Saturday, September 24, 2005

A Random List

So my sister says she's not sure how to respond to my blogs lately because they're too intense. She just calls me to say right on and then we move on to talk about her obsession with dogs for five minutes or so. Then her son starts crying and I remind her that I told her to just get another dog but no, she had to have a baby and now the party is over. She tells me I can't pretend I'm twenty forever and then we hang up for the day. But I actually do have much more mundane things on my mind as well, so here's a random list of items for the weekend:

Drew and I have decided to throw ourselves a dual birthday party at Scenic (where Robots used to be) on October 20th, which is in between both our birthdays. So if you live in NY and are a friend, or aren't yet but want to hang, keep the date free. I'll post more about this later on.

I loathe Tia Carrere. I don't know why, I'm sure she's a nice girl, she just bugs the hell out of me and every time I turn on the television today she's there. Is it her birthday or something?

Now that I've dragged my family onto myspace with me, there has been some question about my name. Here is the big secret, which I actually have never made an attempt to keep secret: My first name is actually Mary, and my last name is Raffaele. I decided to use my last name as my first and only name when I moved to NYC twenty years ago, as I was very young, hated the name Mary, and assumed that I would naturally land some sort of fabulous performing career in which two names wouldn't be required. That didn't work out exactly as planned but by then it was too late and now it's a big pain in the ass that causes all kinds of confusion. For the record, most people just call me Raff. People that I become close to sometimes end up switching to Mary, and I like it when it happens naturally because it's like an intimate nickname. My family has always called me “Mare”, rarely Mary, and occasionally my brothers like to use the nickname “Scary”, although for the life of me, I can't imagine why.  I had one boss who was a total dickwad (John Argento, for those DT alumni) and once he saw my checks (some of which are still owed), he started calling me Maaaary with a sneering tone in his voice, like he had something over on me and thought it would humiliate me to have someone say it out loud. Which it didn't, it just told me exactly who he was. In any case, if we're close and you want to call me Mary, fine, but until you actually know me I prefer Raff or Raffaele.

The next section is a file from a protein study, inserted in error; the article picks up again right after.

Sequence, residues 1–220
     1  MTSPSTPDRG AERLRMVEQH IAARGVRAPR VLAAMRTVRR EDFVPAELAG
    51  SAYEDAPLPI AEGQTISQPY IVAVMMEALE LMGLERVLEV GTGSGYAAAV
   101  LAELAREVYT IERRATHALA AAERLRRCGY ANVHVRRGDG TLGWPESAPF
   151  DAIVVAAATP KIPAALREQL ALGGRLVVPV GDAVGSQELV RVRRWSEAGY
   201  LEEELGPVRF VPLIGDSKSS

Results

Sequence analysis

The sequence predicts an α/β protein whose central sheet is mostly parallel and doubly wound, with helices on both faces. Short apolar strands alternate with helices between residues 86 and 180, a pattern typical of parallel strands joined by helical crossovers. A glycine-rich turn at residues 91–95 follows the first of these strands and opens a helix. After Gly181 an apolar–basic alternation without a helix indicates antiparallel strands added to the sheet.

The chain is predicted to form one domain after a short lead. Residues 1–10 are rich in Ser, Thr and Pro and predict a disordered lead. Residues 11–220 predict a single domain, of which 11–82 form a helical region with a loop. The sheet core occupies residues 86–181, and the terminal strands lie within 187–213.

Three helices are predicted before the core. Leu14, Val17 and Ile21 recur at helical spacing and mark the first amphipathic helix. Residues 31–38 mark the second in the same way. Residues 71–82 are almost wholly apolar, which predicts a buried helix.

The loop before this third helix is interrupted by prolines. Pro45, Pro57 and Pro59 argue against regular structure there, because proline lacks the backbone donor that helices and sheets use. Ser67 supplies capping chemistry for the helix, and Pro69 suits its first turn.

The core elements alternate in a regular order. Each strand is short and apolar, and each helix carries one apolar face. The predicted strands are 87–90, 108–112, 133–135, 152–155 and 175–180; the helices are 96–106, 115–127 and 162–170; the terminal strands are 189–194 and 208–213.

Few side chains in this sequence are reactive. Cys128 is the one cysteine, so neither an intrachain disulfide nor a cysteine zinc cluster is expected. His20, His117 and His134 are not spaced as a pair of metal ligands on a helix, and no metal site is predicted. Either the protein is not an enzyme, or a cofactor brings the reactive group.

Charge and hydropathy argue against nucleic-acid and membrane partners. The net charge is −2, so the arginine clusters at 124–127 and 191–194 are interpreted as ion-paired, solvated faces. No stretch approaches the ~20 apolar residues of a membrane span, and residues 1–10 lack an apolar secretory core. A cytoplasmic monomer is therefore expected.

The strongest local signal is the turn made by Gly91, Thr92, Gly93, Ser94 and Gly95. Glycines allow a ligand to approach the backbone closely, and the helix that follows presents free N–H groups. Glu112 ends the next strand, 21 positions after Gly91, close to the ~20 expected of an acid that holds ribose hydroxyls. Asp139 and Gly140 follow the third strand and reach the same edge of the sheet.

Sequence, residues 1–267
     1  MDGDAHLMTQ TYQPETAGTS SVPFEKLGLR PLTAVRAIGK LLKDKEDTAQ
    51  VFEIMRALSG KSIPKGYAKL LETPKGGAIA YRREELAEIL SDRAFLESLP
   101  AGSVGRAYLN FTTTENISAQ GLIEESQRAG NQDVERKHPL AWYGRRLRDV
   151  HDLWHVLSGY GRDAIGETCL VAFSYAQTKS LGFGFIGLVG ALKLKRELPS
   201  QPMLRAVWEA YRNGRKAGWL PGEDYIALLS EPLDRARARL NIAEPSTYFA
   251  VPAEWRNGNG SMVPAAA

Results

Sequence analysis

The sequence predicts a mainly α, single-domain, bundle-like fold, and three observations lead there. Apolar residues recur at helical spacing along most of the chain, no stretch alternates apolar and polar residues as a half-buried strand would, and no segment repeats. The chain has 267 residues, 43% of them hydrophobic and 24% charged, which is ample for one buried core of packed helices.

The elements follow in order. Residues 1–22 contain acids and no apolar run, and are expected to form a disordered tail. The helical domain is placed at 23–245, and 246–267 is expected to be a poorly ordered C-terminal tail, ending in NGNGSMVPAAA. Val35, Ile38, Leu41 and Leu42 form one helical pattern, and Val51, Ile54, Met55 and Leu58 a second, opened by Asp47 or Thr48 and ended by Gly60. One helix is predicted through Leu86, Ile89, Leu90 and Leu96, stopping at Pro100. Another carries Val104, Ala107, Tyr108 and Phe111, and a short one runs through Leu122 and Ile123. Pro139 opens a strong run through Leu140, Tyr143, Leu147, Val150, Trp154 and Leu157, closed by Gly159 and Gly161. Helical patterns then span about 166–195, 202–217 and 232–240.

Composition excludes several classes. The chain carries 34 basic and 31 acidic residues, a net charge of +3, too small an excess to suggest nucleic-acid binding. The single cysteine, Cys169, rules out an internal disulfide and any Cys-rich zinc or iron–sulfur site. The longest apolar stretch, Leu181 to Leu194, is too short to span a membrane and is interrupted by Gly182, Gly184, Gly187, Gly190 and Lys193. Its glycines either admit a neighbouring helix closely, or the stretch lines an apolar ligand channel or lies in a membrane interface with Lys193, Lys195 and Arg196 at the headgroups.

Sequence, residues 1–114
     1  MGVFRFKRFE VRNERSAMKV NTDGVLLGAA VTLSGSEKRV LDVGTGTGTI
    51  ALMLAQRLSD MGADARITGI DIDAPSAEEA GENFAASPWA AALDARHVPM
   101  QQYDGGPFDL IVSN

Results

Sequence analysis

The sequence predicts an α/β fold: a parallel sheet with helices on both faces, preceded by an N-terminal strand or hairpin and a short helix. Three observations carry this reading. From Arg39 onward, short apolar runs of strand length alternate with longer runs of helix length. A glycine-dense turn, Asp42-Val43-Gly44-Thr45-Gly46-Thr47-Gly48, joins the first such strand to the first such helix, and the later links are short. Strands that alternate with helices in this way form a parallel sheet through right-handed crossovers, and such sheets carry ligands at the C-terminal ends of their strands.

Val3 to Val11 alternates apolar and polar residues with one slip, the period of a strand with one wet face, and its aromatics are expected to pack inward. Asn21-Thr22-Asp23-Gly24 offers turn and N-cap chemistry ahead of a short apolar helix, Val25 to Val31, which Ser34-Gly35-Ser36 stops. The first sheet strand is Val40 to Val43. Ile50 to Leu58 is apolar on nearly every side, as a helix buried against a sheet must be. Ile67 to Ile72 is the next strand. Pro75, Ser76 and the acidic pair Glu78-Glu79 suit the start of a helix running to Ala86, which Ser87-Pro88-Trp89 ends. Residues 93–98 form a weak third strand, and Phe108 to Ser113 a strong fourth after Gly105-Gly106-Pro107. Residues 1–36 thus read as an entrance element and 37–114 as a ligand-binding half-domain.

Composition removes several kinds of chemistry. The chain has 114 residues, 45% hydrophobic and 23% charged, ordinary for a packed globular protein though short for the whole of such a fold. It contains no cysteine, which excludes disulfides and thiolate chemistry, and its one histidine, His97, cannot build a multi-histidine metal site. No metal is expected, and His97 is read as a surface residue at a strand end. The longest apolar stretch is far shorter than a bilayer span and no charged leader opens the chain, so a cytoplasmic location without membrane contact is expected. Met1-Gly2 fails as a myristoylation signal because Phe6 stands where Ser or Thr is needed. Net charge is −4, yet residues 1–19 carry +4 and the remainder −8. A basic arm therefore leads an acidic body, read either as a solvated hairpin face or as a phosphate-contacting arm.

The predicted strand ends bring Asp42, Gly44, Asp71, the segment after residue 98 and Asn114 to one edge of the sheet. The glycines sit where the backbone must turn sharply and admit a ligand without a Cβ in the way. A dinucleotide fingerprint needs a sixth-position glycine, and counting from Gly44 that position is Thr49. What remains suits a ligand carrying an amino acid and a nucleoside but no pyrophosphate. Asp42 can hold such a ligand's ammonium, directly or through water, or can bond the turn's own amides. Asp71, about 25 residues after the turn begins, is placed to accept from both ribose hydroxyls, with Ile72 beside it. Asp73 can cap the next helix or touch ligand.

For those of you who have been asking, I am LOVING my new position as Lingerie Buyer. I still do all of the money stuff and the administrative type things for the store, which I am good at and don't hate but also don't find that interesting. Then the other portion of my time is filled with looking through catalogs at lingerie, talking to people on the phone about lingerie, meeting with people trying to sell me lingerie, and my favorite: rearranging (that's “merchandising” for you retail pros) the lingerie. The section is very small at the moment, because over the last couple of years no one was paying attention and Patricia Field lost the lingerie customers. But it feels like it's my little garden and every day I go out and tend it. I make sure things are on the right hanger and that we're not out of lycra stripper micro-thongs (who knew there was such a demand!) and that the stockings are all lined up correctly. It pleases me to no end, plus I like spending time out of the office and on the floor with the "kids" who work in the store. And honestly, I can't believe someone is paying me good money to do it.

And speaking of fashion, I have a lot of thoughts about Kate Moss and the fashion industry's hypocritical treatment of her publicized drug abuse. But Tara G. Warrior wrote such a genius blog about it that I don't feel like I need to add too much more right now. I have a feeling Jessica may have some words to say on the subject as well. Suffice to say that the fashion and beauty industry demands that women look a certain way and then pretends to be completely surprised when they aren't healthy. I sincerely hope that Kate can pull her shit together, dump that loser boyfriend, and stick it to the companies who are distancing themselves from her right now.

And lastly, on the not quite as skinny front, I need some new photographs taken before I get too ancient. Everything I have is dated, except for the NY Times evil book club lady, and I don't want to go to my grave with that as my last photo. I will say that I am enjoying having the photo up because it's totally cut down the horny girl collector friend requests. Anyway, if you are a photographer and need someone for portraits or need a gothy/pin-up-ey type model, or tattoo model, or have some other idea, let me know. Serious inquiries only, please.

Okay, so those are the random, not so intense thoughts for now. Hope everyone has a great weekend!

Rosemary's Baby

I have started two or three blogs recently, but everything I start to write about seems incredibly trivial compared to what's happening in the world right now. There is all sorts of stuff going on with me, as usual, but how can I write about my own bullshit when the rains are coming down and leaving people homeless and more destitute than they were, and when we live in a time that our world leaders still think it's appropriate to kill our mother's sons and other country's mother's sons in war? It's mind-boggling.